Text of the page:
By Jesus Garcia, Special Assistant, Office of External Affairs
I had the pleasure of beginning this holiday season at a community dinner hosted by the Ethiopian Community Development Council (ECDC) in honor of former refugees who were celebrating the very first Thanksgiving in the United States.
Located in Arlington, Va., ECDC’s center welcomed dozens of families from all over the world to its celebration sponsored by several local businesses who want to help integrate new citizens into the community.
The temperature outside was freezing cold that night, but the warm, nicely decorated dining hall made everyone feel comfortable as families sat at white linen-draped tables next to a row of buffet-style tables showcasing the best dishes the holiday season had to offer.
Among the volunteers serving slices of turkey, mashed potatoes and desserts were employees of the Administration for Children and Families (ACF). ACF has a long history with ECDC, an Office Refugee Resettlement grantee.
ECDC has resettled more than 25,000 refugees since it opened its doors in 1991. The organization empowers refugees from all over the world with programs like matching grants, individual development accounts and other social services.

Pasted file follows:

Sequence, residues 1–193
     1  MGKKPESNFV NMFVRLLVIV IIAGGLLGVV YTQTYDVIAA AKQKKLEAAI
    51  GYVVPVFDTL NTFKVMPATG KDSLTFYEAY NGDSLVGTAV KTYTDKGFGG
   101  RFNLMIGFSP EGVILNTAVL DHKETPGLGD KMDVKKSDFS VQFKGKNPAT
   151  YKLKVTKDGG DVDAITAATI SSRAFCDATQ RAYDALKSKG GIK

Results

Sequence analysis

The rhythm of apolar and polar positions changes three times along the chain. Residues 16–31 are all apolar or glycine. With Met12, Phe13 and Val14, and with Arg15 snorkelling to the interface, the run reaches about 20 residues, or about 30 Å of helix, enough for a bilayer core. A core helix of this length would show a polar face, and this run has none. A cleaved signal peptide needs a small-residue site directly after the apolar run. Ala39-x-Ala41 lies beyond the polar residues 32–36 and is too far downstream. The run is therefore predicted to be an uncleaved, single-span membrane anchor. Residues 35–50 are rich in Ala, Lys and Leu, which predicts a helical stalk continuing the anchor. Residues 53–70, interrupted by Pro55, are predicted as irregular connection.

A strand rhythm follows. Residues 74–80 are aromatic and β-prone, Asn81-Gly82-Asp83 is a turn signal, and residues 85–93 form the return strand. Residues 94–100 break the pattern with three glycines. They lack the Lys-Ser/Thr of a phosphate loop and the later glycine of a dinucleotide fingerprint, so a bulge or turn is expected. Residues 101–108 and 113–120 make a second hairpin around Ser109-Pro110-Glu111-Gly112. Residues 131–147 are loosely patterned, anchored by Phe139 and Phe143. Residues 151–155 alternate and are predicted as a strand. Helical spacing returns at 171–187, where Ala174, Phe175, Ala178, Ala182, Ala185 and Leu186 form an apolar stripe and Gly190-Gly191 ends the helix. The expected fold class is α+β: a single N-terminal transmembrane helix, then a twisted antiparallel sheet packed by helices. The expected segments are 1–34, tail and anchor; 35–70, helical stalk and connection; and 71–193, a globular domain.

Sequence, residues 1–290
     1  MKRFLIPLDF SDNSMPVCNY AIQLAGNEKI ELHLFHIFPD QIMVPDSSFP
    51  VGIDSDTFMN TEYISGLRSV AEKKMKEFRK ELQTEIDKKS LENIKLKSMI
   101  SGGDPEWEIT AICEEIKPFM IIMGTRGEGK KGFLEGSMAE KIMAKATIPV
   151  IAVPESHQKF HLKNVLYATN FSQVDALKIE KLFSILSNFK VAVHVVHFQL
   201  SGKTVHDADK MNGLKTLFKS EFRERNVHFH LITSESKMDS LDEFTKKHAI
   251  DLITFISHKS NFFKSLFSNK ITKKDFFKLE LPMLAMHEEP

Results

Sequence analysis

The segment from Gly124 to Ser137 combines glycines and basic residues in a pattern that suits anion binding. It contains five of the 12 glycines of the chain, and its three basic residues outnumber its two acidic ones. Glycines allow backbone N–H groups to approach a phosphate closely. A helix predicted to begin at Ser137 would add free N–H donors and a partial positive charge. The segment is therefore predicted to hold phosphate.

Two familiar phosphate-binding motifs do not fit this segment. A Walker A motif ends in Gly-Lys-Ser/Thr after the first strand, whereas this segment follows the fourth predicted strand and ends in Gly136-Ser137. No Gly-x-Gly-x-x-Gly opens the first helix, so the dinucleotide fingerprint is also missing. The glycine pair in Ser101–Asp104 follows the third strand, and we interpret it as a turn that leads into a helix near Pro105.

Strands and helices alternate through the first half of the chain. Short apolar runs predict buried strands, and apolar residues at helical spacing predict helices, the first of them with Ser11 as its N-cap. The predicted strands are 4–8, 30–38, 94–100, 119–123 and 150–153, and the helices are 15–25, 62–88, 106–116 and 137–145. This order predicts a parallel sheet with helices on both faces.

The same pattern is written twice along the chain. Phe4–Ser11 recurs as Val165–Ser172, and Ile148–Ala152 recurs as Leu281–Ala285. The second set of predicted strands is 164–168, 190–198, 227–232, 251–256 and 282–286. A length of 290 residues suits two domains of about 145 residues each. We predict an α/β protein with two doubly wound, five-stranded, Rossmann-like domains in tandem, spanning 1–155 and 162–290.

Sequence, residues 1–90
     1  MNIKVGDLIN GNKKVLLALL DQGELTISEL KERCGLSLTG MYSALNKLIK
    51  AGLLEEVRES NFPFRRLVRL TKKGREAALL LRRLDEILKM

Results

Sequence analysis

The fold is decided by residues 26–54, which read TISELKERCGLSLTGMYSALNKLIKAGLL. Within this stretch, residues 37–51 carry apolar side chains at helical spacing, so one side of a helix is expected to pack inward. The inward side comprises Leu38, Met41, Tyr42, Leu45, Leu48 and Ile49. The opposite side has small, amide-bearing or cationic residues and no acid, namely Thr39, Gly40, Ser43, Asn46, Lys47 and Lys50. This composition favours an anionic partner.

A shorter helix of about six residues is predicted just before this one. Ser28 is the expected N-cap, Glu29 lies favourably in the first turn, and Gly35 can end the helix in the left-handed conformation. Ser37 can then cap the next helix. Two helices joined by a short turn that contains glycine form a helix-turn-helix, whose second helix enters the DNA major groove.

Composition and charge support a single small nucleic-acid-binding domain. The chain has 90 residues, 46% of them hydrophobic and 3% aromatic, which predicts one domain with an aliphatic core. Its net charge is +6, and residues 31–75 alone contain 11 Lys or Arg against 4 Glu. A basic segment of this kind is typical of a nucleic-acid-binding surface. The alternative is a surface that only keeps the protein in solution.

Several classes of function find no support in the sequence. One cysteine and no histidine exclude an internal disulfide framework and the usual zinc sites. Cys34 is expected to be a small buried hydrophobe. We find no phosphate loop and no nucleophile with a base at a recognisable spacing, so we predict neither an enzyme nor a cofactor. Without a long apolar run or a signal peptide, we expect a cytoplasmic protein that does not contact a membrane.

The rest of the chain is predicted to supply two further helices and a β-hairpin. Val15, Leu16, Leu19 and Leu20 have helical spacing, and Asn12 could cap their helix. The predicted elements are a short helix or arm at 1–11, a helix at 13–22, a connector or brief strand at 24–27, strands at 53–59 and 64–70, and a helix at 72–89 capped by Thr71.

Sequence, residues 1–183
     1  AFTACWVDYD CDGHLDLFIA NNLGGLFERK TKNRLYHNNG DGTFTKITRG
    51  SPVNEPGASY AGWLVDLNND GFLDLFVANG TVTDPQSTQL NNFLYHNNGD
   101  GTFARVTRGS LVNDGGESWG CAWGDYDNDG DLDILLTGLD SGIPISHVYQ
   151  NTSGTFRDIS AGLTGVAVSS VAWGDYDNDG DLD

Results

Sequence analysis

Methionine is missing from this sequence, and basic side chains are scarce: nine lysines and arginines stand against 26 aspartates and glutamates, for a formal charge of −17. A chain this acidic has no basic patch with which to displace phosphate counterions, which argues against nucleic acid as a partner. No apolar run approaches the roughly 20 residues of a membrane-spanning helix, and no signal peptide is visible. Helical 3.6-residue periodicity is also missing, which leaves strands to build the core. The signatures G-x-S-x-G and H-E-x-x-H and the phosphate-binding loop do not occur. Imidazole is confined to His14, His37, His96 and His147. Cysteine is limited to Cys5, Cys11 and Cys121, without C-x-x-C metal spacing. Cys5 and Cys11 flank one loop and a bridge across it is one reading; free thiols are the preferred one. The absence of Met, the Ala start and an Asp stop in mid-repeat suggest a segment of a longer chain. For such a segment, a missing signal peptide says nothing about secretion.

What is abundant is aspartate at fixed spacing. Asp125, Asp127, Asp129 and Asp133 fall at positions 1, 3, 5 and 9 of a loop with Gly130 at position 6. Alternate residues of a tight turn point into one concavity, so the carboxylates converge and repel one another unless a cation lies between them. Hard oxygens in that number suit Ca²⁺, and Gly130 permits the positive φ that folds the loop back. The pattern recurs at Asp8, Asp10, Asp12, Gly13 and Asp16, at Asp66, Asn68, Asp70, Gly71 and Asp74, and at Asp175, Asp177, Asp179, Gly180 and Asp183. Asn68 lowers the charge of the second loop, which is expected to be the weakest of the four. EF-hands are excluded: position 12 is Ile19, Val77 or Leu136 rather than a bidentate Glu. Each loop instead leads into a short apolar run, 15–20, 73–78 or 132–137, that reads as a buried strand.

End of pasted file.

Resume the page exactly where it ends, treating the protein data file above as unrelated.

ECDC opened the ceremony with remarks from its leadership, White House Senior Policy Director for Immigration Felicia Escobar, and ACF’s Acting Assistant Secretary Mark Greenberg. Welcome speeches eventually gave way to international music which signaled that dinner was ready to be served!
As parents and teens lined up for food, children from various parts of the world danced together on stage. They may have not understood each other, but playtime needs no interpretation.
While the majority of guests came in family groups, one young lady from Somalia was experiencing this new American tradition all by herself. Hibo Ahmed Couled, a shy, 19-year-old student, left her family eight months ago for a better future in the United States.
“I’m very thankful to ECDC,” said Hibo, who works full-time and is attending college to become a psychologist. “I’m thankful for their kindness. They have been very helpful to me.”
Hibo admits life is very different here in the United States, but she is acclimating to her new home 7,700 miles away from East Africa. “When I ride the bus, I see so many different cultures,” said Hibo, who enjoys Tex-Mex food and likes going to see romantic comedies at the movie theater.
She may not have immediate family to rely on in Virginia, but Hibo has an extended family in ECDC. She is one of the organization’s success stories that falls in line with the agency’s ultimate goal: transforming former refugees into self-sufficient individuals who can contribute to their communities.
And that’s something we can all be grateful for this year.